Newly-developed light amplifying 'photonic time crystals' may improve lasers and telecoms

Researchers 'tinkered' with 2D metamaterials and created "photonic time crystals" that could have revolutionary implications for lasers and transmitters.
Christopher McFadden
Artist's impression of how 2D photonic time crystal can boost light waves.
Artist's impression of how 2D photonic time crystal can boost light waves.

Xuchen Wang / Aalto University 

Researchers have just released a study that explains how they've managed to design a two-dimensional "photonic time crystal" that, they say, could have significant implications for technologies like transmitters and lasers. While their name is similar to that of so-called "time crystals," a phase of matter first suggested in 2012, they are, in fact, not the same thing.

"Time crystals" are particular kinds of crystals whose component atoms exist in a quantum state. This means they behave in ways that seem alien or "strange." "Photonic time crystals," on the other hand, are not found in nature and may not exist in quantum states. Instead, they use light pulses to create a repeating motion pattern (unlike most materials, which have random motion at different energy states).

Since it has been challenging to construct and manipulate 3D "photonic time crystals," the team decided to try something new by making the material even thinner (0.08 inches or 2 millimeters thick). By doing so, the researchers report that their crystals can amplify light at microwave frequencies.

Creating a 2D 'photonic time crystal'

“By modulating or changing the electromagnetic property of the metasurface over time, we were able to create a 2D photonic time crystal,” said Xuchen Wang, a physicist at the Karlsruhe Institute of Technology and the study’s lead author, in an email to Gizmodo. “Reducing photonic time crystals from 3D to 2D can make them thinner, lighter, and easier to manufacture, just like how metasurfaces improved on metamaterials,” he added.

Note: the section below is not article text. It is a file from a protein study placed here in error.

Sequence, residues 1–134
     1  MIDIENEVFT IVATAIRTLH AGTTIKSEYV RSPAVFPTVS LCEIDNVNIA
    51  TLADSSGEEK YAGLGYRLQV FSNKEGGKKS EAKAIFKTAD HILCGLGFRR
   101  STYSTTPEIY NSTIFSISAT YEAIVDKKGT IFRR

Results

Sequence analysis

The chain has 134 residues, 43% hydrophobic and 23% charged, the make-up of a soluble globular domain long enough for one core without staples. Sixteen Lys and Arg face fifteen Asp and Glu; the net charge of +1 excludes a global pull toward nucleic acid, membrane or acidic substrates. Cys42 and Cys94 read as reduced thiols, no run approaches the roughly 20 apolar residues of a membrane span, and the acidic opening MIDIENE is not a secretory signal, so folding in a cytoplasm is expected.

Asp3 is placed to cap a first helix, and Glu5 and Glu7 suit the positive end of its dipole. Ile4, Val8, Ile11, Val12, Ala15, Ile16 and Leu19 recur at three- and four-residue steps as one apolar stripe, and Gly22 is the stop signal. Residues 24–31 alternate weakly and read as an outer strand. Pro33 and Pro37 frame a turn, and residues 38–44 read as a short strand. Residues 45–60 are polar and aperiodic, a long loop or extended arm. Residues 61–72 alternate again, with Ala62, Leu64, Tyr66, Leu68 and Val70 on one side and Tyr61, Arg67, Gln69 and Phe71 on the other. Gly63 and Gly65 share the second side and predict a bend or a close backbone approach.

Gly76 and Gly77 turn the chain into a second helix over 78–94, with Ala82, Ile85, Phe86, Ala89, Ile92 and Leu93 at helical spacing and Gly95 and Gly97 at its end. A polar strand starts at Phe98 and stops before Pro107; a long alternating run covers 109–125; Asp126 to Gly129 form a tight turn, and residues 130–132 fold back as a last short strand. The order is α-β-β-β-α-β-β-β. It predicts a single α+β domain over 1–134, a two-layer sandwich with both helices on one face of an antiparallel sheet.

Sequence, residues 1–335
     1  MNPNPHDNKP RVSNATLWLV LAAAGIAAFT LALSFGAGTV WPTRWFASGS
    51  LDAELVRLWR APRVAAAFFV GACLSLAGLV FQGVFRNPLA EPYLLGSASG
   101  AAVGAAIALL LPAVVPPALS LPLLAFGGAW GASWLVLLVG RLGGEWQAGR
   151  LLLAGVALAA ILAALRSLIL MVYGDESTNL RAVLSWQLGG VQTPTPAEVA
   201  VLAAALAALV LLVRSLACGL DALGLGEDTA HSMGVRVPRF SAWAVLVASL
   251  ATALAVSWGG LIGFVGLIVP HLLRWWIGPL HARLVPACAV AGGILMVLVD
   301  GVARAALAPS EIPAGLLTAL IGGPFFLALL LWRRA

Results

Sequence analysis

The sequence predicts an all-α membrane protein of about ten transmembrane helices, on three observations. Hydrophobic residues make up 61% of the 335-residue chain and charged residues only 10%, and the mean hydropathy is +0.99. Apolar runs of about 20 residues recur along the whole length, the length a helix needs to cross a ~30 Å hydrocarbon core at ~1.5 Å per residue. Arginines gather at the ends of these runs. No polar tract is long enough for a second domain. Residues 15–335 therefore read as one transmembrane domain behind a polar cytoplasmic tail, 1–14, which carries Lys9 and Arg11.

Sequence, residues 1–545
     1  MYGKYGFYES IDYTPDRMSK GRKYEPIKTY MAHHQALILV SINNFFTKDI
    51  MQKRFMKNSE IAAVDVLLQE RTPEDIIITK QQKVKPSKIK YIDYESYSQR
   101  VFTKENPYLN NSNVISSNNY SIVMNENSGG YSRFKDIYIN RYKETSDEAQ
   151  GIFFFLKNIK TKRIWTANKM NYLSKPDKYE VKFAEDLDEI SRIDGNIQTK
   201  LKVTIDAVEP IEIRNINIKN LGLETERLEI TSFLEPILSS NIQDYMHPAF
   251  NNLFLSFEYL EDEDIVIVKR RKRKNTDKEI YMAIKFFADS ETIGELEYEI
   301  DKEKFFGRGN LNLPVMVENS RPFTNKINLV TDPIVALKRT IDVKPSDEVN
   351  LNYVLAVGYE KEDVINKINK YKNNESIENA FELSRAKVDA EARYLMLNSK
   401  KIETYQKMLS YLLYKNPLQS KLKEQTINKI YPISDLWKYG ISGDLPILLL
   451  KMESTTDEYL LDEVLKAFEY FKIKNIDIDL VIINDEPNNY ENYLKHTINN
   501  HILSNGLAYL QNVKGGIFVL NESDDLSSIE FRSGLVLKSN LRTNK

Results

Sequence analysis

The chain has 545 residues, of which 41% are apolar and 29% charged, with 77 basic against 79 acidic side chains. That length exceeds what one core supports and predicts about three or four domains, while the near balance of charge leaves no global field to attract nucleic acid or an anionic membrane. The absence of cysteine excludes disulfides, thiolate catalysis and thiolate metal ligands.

"Photonic crystals" are unique materials that can bend and amplify light in a controlled way. Scientists can create these materials in a lab by adjusting their electromagnetic properties using metamaterials. When light travels through "photonic time crystals," the photons move in a repeating pattern that helps keep them in sync and maintain their coherence. This is similar to how lasers keep quantum bits in a coherent state, which can help prolong their quantum properties.

“In [photonic time crystals], energy is not conserved; hence the states residing in the momentum gap can have exponentially increasing amplitudes,” said Mordechai Segev, a physicist at the Technion Israel Institute of Technology who is unaffiliated with the new paper, in a February interview with Nature Photonics. “This has a huge impact on the physics involved,” he said.

The majority of photonics-dependent devices are involved in the discovery's practical uses. For instance, coating equipment with 2D photonic time crystals could increase wireless transmission strength. Wang told Gizmodo that even though the team's crystal can only amplify microwave frequencies, a slight change in the architecture might enable the crystal to operate at millimeter-wave frequencies, such as those used in 5G communications.

You can read the study for yourself in the journal Science Advances.

Study Abstract:

"Photonic time crystals are artificial materials whose electromagnetic properties are uniform in space but periodically vary in time. The synthesis of these materials and experimental observation of their physics remain very challenging because of the stringent requirement for uniform modulation of material properties in volumetric samples. In this work, we extend the concept of photonic time crystals to two-dimensional artificial structures—metasurfaces. We demonstrate that time-varying metasurfaces not only preserve key physical properties of volumetric photonic time crystals despite their simpler topology but also host common momentum bandgaps shared by both surface and free-space electromagnetic waves. On the basis of a microwave metasurface design, we experimentally confirmed the exponential wave amplification inside a momentum bandgap and the possibility to probe bandgap physics by external (free-space) excitations. The proposed metasurface serves as a straightforward material platform for realizing emerging photonic space-time crystals and as a realistic system for the amplification of surface-wave signals in future wireless communications."

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